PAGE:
An FBI agent was blocked from blowing the whistle on the Obama administration for accepting bribes from Russia in exchange for approving the controversial Uranium One deal.
Victoria Toensing, the attorney representing the FBI witness, says Obama’s Department of Justice blocked her client from informing Congress that Russian executives told him they had transferred millions of dollars to the Clinton Foundation in exchange for the 2010 approval of the nuclear deal.
Dailywire.com reports: As The Hill reports, those machinations allegedly occurred while Hillary Clinton was serving as Secretary of State on the government panel that approved the deal, according to Toensing, a former Reagan Justice Department official and former chief counsel of the Senate Intelligence Committee.
Bill Clinton accepted $500,000 in Russian speaking fees in 2010, as The New York Times reported in 2015; Uranium One’s chairman used his family foundation to make four donations totaling $2.35 million to the Clinton Foundation.
Toensing wants the Trump Justice Department or the FBI to allow her client to be free of the nondisclosure agreement (NDA) he signed so he can reveal the corruption that took place. She stated, “All of the information about this corruption has not come out. And so my client, the same part of my client that made him go into the FBI in the first place, says, ‘This is wrong. What should I do about it?’”
Toensing said she has access to memos delineating how in 2016, the Justice Department threatened her client when he attempted to file a lawsuit. That suit would have illuminated the corruption that took place as well as aided her client in recovering funds the Russians stole from him through kickbacks during the FBI probe.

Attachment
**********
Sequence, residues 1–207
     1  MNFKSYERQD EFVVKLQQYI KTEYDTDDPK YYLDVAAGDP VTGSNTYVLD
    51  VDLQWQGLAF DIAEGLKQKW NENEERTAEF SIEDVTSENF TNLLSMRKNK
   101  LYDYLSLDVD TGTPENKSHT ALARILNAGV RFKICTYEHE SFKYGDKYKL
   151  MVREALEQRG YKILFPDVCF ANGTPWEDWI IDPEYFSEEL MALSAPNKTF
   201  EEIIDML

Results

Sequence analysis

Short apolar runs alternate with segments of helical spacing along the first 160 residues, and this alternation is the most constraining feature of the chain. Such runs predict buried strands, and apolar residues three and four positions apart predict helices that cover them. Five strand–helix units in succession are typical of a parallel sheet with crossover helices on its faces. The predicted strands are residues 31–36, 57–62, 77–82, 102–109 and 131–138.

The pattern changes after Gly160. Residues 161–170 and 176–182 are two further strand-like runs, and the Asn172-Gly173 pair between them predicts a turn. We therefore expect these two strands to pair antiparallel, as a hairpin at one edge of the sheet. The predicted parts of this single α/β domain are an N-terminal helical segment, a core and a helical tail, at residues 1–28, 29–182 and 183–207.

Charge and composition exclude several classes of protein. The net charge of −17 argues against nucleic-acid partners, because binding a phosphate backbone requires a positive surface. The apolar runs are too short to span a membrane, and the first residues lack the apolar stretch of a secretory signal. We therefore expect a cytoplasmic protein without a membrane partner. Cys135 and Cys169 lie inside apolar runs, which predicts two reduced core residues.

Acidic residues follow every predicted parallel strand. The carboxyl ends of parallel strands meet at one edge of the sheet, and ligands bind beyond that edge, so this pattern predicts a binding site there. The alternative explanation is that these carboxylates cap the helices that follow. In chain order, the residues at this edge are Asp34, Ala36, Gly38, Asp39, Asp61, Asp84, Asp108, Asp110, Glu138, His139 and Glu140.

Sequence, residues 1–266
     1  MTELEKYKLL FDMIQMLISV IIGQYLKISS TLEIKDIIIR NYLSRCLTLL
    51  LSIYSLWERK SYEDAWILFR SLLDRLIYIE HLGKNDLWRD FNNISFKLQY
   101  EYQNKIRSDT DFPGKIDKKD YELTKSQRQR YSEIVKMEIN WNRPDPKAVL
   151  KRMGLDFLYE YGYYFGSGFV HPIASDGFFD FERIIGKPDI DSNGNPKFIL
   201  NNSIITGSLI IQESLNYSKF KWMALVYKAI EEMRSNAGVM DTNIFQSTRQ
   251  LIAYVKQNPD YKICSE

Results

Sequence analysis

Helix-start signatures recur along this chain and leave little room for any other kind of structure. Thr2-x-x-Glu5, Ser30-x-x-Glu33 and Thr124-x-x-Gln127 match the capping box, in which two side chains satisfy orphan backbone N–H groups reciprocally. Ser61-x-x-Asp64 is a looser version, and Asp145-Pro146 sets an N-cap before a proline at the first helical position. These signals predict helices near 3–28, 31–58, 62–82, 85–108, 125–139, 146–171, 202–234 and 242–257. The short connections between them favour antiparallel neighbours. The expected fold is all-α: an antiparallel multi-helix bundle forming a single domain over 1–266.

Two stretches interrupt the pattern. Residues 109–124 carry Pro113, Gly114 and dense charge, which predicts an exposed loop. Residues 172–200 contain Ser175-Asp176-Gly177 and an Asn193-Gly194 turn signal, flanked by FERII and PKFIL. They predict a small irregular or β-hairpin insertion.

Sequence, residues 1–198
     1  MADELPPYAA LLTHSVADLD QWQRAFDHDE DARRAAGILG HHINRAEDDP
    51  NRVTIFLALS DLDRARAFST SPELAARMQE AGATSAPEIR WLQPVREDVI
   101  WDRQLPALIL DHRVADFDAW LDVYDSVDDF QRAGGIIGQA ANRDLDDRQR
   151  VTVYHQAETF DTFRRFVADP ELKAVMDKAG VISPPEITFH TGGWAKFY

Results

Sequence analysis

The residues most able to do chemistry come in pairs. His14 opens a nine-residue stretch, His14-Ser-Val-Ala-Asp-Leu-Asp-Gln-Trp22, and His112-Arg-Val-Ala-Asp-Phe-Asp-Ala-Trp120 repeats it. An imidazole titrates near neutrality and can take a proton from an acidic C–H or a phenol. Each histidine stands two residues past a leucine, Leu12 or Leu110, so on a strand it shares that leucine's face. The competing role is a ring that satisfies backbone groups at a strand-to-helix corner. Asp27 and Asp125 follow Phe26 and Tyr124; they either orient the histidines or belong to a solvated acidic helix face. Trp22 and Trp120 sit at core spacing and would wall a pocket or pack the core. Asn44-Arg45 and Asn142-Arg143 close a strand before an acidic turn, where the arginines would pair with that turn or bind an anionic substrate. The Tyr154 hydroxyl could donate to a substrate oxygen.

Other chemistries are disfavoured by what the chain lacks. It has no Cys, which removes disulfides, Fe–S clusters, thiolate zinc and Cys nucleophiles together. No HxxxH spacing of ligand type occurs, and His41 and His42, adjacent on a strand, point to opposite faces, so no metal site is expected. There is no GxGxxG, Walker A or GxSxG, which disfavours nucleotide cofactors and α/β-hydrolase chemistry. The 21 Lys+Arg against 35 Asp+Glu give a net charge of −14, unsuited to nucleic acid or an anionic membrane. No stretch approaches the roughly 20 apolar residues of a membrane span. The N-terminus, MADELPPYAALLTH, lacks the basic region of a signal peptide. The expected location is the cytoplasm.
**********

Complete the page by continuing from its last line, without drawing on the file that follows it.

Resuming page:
Toensing claimed her client witnessed “a lot of bribery going on around the U.S.” but the FBI had requested he sign an NDA so he could not come forth to Congress.
The Hill possesses emails in which a civil attorney working with the former undercover witness wrote to him, “The government was taking a very harsh position that threatened both your reputation and liberty,” as well as, “As you will recall the gov’t made serious threats sufficient to cause you to withdraw your civil complaint.”
Toensing said that her client is the same man who was identified as the unnamed American consultant who worked for the Russian nuclear energy giant Rosatom’s Tenex subsidiary on their efforts to increase Moscow’s uranium business inside the United States. Court records name the FBI informant as “confidential source 1,” the “contractor” and “Victim 1.”
Court records show the consultant contacted the FBI immediately after Russian officials asked him to engage in illegal activity in 2009.
As The Hill notes, “Toensing said her client can also testify that FBI agents made comments to him suggesting political pressure was exerted during the Justice Department probe of the Russia corruption case and that there was specific evidence that could have scuttled approval of the Uranium One deal if it became public.”
Toensing concluded, “There was corruption going on and it was never brought forward. And in fact, the sale of the uranium went on despite the government knowing about all of this corruption. So he’s coming forward. He wants the right thing to be done, but he cannot do it unless he is released from the NDA.”